Why aren’t there these types of celebrity intellectuals around anymore? What happened to substantive, serious televised debates?
That’s what I wanted this film to make people ask. I don’t know the answers, but I think one of the things in the process here was that early on we realized, 'Oh my god, people don’t know who these guys are?' Then it was, 'Oh my god, people don’t know what television used to be like!' So we got into that as well. Where on television today could two people who use huge words get fifteen uninterrupted minutes? There’s nowhere. I think what’s happening is we’re all being killed by the bottom line. They realize the long term ramifications of debate is shouting instead of debating, and cut it up as much as possible so you can sell more advertising. So people who watch television have little or no opportunity to witness a public intellectual developing an argument or engaged in real debate. ABC gave them 15-minutes with no commercials!
The current landscape of the documentary seems pretty vibrant, both in cinema, on TV and now on podcasts. With your work, Joshua Oppenheimer’s work with The Act of Killing and now The Look of Silence, HBO’s The Jinx, the phenomenon of the podcast Serial…how do you see the role of the documentarian changing? Is it changing?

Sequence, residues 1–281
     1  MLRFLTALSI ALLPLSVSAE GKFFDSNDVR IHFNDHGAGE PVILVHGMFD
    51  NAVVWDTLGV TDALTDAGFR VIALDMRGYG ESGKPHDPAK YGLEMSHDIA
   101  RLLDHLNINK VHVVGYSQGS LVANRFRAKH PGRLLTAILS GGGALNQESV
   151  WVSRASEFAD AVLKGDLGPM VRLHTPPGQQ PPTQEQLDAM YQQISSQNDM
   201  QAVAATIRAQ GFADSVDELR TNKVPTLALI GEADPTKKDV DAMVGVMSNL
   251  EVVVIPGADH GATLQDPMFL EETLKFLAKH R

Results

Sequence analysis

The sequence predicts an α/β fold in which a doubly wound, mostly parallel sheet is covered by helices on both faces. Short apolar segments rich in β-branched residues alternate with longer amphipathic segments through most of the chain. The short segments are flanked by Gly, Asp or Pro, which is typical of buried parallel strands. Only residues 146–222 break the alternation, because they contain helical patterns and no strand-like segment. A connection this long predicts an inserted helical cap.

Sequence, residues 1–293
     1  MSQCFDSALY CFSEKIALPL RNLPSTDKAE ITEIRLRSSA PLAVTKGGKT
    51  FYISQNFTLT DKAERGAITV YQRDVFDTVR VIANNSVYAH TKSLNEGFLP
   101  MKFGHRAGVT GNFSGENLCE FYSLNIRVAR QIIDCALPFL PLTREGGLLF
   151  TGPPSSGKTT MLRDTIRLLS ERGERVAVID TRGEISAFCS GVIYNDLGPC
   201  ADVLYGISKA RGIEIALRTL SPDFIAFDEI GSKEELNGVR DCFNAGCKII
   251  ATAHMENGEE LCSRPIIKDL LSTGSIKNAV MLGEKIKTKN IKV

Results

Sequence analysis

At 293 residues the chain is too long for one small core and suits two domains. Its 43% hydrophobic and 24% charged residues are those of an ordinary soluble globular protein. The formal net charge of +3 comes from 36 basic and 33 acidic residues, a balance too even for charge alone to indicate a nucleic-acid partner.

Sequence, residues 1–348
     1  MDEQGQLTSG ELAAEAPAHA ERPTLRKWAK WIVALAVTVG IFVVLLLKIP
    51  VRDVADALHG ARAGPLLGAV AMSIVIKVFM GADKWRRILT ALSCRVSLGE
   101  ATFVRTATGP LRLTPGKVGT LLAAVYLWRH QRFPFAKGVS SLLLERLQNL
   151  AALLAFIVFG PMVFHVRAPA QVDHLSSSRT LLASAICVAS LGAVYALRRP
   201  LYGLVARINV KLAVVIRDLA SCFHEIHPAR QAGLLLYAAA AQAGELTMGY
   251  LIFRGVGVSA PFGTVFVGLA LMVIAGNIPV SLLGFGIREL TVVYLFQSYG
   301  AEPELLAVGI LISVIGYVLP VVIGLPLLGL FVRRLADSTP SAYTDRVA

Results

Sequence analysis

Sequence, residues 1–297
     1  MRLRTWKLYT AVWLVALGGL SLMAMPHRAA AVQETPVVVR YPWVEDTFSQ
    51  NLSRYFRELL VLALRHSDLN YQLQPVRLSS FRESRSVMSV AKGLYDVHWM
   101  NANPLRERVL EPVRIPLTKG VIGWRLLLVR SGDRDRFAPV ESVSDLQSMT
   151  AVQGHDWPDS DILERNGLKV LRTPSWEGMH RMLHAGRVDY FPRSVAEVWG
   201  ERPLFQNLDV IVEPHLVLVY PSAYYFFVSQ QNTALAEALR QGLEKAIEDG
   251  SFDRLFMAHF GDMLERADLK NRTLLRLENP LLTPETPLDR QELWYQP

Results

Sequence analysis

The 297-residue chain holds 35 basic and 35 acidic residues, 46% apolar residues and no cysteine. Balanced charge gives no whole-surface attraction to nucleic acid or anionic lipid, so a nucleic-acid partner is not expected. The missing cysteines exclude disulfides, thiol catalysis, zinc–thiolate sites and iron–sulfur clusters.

As a filmmaker, making a film about talking heads, we knew from the get go that our question was, 'How are going to make this cinematic?' We didn’t want to make a visual radio program, so that was a filmmaking challenge that I feel like we conquered very well. There’s really not a lot of talking heads except for the debates, where the tension of the two characters keeps you engaged. In terms of the social effect of documentary filmmaking, I put it on Spellbound, the doc from a decade or so—that was the one broke down the movie theater floodgate. It was like, 'Okay, documentaries don’t have to be boring, and you can draw an audience to the theater.' With The Jinx, they talk about the conflation of narrative fiction and documentary filmmaking…I think that dramatic storytelling is important for documentaries. More people will learn more about the world if you tell a good story, that’s always been the case. They had an interesting issue, 'Should we go to the cops with this information, or, do we save it for our show?' That’s an interesting question, and a rare one, it’s more about, 'Does the storytelling stay true?' Because dramatic storytelling can make you want to bend truth, and I think that’s wrong. But I think the intersection of those two things is a great place to be.